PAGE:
and the Adam Opel management board accelerate restructuring talks with the European unit’s German labor union today, laying out a plan that includes halting production at one assembly plant, delaying wage increases and perhaps building vehicles currently manufactured elsewhere.
GM in a statement says it will not commit additional product to its Bochum, Germany, facility after the Opel Zafira MPV’s cycle runs out in 2016. The auto maker cites the present economic environment and future demand for its decision on the 50-year-old plant.
Europe continues to grapple with the remnants of the global recession of four years ago, as countries burdened by sovereign debt teeter on the edge of bankruptcy and the potential for a breakup of the eurozone grows each day.
This state of affairs is undermining consumer confidence, causing record-low new-vehicle sales and frustrating GM’s decades-long attempt to trim overcapacity and high fixed costs in the region. Since emerging from its 2009 U.S. bankruptcy, the auto maker’s European operations have lost $3.8 billion.
GM says its plan for Opel focuses on reducing its dependency on importing vehicles, such as the South Korean-built Antara and Mokka SUVs, which is adversely affected by fluctuating exchange rates. Remaining European plants, such as Germany’s Russelsheim, Eisenach and Kaiserslauten, could go to 3-shift operations.
“We must work towards sustainable positive results for our operations in Germany,” Opel CEO Karl-Friedrich Stracke says in a statement accompanying an outline of the plan.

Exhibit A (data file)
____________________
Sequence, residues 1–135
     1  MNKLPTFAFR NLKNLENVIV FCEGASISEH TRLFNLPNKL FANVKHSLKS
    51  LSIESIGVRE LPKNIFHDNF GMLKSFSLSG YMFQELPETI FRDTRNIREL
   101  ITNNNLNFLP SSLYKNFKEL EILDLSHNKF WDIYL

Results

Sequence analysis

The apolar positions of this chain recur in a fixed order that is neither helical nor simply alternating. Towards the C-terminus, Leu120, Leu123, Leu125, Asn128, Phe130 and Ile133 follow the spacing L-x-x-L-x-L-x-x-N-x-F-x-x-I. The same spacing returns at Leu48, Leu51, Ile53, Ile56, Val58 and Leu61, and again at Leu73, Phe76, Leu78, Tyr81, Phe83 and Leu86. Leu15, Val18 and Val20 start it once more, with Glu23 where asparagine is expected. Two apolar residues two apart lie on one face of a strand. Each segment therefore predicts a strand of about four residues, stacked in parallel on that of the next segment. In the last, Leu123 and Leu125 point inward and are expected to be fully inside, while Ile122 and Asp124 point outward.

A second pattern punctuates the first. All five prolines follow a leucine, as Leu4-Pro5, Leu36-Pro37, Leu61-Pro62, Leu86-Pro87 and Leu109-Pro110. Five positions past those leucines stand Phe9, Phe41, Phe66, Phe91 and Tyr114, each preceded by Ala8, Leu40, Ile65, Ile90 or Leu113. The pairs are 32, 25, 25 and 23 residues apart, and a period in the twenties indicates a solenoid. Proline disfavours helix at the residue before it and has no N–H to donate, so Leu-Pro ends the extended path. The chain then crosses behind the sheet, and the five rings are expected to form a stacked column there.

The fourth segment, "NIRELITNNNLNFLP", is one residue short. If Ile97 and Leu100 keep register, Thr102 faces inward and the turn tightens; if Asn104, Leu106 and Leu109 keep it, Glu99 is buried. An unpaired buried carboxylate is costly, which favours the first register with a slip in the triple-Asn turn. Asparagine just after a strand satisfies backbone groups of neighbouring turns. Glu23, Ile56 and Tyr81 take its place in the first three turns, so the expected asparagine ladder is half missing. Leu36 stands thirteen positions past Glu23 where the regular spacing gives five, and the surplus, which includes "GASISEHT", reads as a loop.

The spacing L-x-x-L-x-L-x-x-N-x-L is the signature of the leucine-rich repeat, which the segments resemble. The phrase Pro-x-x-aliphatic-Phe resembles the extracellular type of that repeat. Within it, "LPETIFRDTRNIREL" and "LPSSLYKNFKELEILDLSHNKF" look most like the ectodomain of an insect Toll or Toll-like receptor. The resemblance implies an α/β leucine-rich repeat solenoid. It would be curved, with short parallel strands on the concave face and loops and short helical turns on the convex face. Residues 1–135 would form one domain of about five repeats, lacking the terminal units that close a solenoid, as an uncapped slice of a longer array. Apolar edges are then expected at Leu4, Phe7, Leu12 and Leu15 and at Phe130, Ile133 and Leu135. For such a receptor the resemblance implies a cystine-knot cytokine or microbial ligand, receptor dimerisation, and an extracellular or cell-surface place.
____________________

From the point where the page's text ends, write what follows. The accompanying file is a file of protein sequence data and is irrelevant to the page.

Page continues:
“Opel needs to adjust its business in a way that enables profitability even in difficult market conditions. With 2012 industry volumes expected to be down 20% from demand in the past five years, waiting longer to act would be irresponsible.”
Opel’s supervisory board will vote June 28 on the plan, which includes a pledge to the Opel and U.K. Vauxhall brands of 23 new models and 13 new powertrains. More vehicles will be environmentally friendly and occupy segments where the brands currently do not compete, GM says.
GM also hopes to more clearly define the Opel brand; reduce its research and development costs by better leveraging the parent’s global operations, including its new alliance withPeugeot Citroen; and form an export strategy for Opel to Eastern Europe and Asia/Pacific countries such as China and Australia.
The plan would delay mandatory layoffs until 2016 and postpone raises for workers slated for this year.
Berthold Huber, chairman of Germany’s IG Metall labor union, calls GM’s plan “a beginning,” saying he wants to hear the opinion of workers at each of the Opel sites. The auto maker employs 20,800 people in Germany and more than 40,000 across Europe.
GM sought to unload Opel and Vauxhall shortly after its 2009 U.S. bankruptcy, but decided at the last minute to keep the unit and broadly restructure.
GM Chairman and CEO Dan Akerson said at the auto maker’s annual meeting in Detroit yesterday that repairing its European operation is a No.1 priority. “We have to fix Europe, or at least get it to where it isn’t draining the corporate coffers.”